Pituitary adenomas are the third most common intracranial tumors in adults with an estimated prevalence of approximately 15 to 20% of the population.[1] Although pituitary adenomas are overwhelmingly benign, they can still confer significant health burden due to visual loss and endocrine dysfunction. Management of pituitary adenomas remains complex due to the heterogeneity of tumor types with multiple guidelines and consensus statements currently being available; however, surgical resection remains the mainstay of treatment for the majority of symptomatic pituitary adenomas.[2] [3] [4]

Intracerebral aneurysms show a prevalence of 1:50 for unruptured aneurysms; however, the presence of coincident pituitary adenomas and cerebral aneurysms is rare.[5] Retrospective studies demonstrate an incidence of intracranial aneurysm in patients with a pituitary adenoma of 2.3 to 5.4%,[6] [7] suggesting a purely coincidental relationship.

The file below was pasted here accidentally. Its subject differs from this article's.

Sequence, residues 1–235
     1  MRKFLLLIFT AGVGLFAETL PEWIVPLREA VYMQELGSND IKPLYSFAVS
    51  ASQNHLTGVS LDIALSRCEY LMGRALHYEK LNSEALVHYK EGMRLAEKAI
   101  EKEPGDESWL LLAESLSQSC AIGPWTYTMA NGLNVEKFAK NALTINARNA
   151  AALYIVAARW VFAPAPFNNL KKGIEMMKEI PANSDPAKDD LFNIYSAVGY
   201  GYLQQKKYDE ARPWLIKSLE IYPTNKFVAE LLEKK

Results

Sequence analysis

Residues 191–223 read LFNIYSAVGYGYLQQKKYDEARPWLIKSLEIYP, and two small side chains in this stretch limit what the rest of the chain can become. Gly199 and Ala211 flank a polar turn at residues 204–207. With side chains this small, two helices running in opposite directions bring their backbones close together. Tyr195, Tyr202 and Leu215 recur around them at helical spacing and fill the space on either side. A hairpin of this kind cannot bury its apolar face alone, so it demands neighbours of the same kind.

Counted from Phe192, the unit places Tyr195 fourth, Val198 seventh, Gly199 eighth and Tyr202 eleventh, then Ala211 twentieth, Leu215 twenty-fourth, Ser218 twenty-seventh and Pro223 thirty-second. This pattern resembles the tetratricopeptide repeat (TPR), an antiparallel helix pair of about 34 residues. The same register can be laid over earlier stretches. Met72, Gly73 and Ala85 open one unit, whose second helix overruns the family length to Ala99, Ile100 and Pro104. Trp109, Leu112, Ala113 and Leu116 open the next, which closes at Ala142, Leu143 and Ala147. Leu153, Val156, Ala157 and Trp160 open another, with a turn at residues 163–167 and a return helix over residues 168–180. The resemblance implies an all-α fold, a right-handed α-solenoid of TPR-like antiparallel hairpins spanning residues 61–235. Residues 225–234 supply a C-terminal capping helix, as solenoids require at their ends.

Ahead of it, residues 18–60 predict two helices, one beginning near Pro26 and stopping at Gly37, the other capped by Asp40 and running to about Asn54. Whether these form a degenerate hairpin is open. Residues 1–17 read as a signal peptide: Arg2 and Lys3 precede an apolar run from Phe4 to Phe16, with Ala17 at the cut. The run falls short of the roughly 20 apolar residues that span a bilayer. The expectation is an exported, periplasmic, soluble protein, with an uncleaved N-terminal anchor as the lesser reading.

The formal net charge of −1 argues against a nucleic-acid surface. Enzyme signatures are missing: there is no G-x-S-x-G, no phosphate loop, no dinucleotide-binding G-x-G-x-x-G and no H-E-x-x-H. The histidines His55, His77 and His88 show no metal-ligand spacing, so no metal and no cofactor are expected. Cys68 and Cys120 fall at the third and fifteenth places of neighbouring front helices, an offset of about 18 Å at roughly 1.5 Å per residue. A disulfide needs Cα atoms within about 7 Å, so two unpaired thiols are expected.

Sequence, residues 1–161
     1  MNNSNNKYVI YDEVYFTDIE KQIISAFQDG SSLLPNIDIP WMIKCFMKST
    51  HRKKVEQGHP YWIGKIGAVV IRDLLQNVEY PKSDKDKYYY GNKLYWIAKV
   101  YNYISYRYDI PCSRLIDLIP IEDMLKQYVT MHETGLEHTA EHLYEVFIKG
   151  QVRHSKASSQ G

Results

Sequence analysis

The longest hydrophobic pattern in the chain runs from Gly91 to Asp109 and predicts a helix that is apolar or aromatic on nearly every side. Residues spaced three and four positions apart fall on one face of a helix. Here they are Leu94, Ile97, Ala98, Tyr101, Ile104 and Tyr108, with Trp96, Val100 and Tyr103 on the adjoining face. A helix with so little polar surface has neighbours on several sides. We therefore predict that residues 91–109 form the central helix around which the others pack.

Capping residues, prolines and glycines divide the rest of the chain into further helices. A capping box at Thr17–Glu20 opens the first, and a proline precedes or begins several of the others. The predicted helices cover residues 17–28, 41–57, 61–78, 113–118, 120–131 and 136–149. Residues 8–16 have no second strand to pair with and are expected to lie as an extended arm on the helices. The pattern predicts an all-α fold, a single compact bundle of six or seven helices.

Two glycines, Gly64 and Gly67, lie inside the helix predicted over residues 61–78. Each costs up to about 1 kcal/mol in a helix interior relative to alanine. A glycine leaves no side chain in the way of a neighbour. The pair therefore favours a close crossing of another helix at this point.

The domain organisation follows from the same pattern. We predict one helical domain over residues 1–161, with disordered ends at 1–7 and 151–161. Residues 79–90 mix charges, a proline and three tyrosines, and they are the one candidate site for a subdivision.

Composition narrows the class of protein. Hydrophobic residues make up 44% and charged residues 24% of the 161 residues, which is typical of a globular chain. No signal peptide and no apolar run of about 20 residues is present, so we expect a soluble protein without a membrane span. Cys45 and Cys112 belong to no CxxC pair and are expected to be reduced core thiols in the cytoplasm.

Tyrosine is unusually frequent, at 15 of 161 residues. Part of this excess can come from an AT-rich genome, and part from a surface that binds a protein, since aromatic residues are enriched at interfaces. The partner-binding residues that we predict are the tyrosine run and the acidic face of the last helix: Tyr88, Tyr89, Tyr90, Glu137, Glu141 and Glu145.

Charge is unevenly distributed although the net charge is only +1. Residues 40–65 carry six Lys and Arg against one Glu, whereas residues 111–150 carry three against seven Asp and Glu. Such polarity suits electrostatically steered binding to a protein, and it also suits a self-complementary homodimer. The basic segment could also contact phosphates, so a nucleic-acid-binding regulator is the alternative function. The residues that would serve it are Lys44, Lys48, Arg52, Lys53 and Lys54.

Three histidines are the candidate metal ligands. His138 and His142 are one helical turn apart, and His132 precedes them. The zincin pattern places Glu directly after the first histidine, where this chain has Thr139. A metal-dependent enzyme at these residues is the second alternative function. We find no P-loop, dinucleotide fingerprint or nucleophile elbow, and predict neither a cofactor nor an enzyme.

The combination of a cavernous sinus aneurysm embedded within a pituitary adenoma is even rarer and the approach for treatment is controversial. In this report, we detail the management of a patient with a nonfunctioning pituitary macroadenoma and an embedded cavernous carotid aneurysm. A systematic review of the literature was performed showing 20 prior reports of pituitary adenomas with associated aneurysms of the cavernous sinus ([Table 1]). We also discuss the integration of modern endovascular therapy and propose a novel treatment strategy.

Table 1

Reports of internal carotid artery aneurysms associated with pituitary adenomas

Study (year)

Aneurysm location

Discovery of aneurysm

Surgical approach for aneurysm

Discovery of adenoma